Fifty acres of solar panels are now generating electric power on the grounds of a former Mount Olive landfill once identified by the federal government as a toxic Superfund site.
JCP&L this week announced that it has completed a grid connection to the "largest landfill solar project in North America."
The array south of Route 80 was built by owner CEP Renewables LLC of Red Bank through a public-private partnership with the township.
Mount Olive and CEP broke ground in 2021 to redevelop the property into a solar energy facility, with CEP acquiring the 65-acre Combe Fill North Landfill via foreclosure.
"The landfill had a long and complicated history that challenged our community with environmental and financial hurdles," said Mount Olive Mayor Rob Greenbaum. "By taking the site through the redevelopment process, and through a partnership with designated redeveloper CEP Renewables, this site has become a model for brownfield and landfill redevelopment projects in New Jersey."
The 25.6-megawatt Mount Olive Solar Field will provide clean power for more than 4,000 homes. The township expect to recoup a $2.3 million tax lien on the property which will generate about $50,000 in annual tax revenue going forward, according to Greenbaum.
The landfill, located behind the ITC Crossing South shopping center off routes 46 and 206, operated as a municipal landfill from 1966 to 1978. But it was not properly closed when the owners went bankrupt in 1981, according to the U.S. Environmental Protection Agency. The New Jersey Department of Environmental Protection later discovered contaminated groundwater beneath the site and in private residential wells nearby.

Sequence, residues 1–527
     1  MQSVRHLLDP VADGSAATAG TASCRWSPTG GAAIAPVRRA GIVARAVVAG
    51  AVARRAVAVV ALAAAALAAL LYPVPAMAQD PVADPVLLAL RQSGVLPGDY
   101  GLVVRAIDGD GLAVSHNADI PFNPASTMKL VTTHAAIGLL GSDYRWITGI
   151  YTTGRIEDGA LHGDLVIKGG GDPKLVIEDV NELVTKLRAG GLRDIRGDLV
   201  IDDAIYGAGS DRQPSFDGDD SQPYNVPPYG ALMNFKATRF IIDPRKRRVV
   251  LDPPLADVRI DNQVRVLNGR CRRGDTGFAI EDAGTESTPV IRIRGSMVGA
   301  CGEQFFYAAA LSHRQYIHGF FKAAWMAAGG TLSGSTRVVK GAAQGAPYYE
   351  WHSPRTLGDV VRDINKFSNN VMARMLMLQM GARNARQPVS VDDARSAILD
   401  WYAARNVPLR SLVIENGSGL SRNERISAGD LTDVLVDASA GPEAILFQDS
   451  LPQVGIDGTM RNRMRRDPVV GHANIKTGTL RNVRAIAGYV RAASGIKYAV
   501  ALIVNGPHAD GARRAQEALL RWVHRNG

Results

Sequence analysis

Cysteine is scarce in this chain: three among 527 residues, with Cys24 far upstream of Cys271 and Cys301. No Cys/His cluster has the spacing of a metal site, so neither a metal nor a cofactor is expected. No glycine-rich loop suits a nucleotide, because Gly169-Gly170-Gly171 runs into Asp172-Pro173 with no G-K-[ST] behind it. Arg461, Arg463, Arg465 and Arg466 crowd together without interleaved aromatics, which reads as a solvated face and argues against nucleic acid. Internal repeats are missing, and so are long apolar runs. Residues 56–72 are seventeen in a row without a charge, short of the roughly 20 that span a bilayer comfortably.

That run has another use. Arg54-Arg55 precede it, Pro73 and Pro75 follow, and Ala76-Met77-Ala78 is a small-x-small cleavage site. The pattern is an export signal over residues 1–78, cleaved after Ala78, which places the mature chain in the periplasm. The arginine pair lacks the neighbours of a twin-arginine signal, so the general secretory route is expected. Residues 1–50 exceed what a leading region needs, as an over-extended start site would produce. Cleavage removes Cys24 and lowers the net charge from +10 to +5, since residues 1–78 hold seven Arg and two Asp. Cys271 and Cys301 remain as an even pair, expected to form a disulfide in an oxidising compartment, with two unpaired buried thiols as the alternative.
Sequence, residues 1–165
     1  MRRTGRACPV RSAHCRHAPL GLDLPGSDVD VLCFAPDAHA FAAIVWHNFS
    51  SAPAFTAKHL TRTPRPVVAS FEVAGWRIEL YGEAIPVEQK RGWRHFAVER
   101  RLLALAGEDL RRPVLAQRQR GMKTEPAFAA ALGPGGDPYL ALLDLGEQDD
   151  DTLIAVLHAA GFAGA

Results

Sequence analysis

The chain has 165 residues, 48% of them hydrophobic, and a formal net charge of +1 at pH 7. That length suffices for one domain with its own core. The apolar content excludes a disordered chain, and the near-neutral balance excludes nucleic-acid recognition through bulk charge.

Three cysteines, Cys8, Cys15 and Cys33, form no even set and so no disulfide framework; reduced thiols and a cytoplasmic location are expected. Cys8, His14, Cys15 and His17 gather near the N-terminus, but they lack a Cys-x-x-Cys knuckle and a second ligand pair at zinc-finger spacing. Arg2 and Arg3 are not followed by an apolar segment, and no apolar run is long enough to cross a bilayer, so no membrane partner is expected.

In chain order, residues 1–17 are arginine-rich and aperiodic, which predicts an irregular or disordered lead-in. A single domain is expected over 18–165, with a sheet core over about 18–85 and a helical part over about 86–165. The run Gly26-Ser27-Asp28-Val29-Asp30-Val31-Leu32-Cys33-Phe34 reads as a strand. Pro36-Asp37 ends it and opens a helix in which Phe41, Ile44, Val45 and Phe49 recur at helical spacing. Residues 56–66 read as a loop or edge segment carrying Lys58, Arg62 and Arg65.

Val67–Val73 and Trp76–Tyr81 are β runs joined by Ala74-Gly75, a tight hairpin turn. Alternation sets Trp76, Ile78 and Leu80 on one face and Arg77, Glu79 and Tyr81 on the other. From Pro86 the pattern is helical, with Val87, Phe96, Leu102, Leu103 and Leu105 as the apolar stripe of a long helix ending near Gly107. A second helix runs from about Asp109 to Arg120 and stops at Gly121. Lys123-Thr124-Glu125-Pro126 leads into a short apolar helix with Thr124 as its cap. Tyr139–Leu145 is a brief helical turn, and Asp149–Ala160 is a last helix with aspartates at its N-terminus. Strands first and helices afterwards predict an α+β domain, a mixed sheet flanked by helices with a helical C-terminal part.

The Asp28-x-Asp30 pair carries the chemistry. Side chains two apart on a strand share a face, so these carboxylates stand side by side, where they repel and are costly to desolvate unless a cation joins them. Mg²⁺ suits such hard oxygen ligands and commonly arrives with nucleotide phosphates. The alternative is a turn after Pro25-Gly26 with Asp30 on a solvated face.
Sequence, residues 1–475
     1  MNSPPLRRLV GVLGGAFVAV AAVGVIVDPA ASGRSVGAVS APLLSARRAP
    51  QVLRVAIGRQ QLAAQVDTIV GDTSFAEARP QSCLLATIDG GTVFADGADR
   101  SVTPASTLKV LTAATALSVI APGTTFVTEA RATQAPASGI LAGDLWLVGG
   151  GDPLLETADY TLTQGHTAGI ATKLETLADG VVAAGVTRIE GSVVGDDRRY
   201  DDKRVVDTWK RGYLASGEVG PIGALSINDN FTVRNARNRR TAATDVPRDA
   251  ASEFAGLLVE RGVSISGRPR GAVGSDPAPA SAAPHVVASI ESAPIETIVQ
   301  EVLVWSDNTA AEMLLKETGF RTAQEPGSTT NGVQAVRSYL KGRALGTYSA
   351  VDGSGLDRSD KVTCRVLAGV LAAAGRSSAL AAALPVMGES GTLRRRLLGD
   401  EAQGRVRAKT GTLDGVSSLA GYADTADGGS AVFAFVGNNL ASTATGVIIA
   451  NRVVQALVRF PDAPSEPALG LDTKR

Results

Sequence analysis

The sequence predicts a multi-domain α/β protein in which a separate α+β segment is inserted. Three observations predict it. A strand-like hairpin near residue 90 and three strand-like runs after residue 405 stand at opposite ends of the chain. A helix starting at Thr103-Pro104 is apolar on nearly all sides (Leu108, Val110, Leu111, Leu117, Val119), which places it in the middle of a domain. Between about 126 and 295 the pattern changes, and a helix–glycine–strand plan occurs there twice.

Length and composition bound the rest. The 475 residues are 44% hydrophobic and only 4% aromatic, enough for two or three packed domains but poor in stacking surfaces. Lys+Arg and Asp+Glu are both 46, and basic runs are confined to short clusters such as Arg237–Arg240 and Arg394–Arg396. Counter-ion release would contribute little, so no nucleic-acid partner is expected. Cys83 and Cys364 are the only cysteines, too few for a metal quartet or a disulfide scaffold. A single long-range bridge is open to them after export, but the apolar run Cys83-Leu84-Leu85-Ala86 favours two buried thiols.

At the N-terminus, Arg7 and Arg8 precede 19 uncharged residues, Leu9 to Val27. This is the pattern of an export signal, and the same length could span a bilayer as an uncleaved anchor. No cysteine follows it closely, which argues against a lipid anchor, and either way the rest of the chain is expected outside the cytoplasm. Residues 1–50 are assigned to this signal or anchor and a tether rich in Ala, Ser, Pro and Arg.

After the landfill was declared a federal Superfund site, the EPA and state partnered on a cleanup plan that began in 1986 and was declared complete in 1991. The site was removed from the Superfund list in 2004.
CEP currently has 16 solar projects under development on former landfills or other contaminated "brownfield" sites, the company said. It has completed more than 100 megawatts of solar projects in New Jersey in support of the state’s Energy Master Plan.
"The Mount Olive solar project will contribute substantially to New Jersey's renewable energy mandate of 50% clean energy by 2030," said CEP Renewables CEO Gary Cicero.
Jim Fakult, president of New Jersey operations for JCP&L parent company FirstEnergy said the utility was "pleased to have worked with CEP Renewables to connect this innovative solar project to the grid and enable the delivery of clean energy to local communities."
New Jersey has 114 sites on the federal Superfund list, which includes contaminated locations identified by the EPA as poising a threat to public health or the environment. Morris County has 10 of those sites, more than the total in 12 states.
William Westhoven is a local reporter for DailyRecord.com. For unlimited access to the most important news from your local community, please subscribe or activate your digital account today.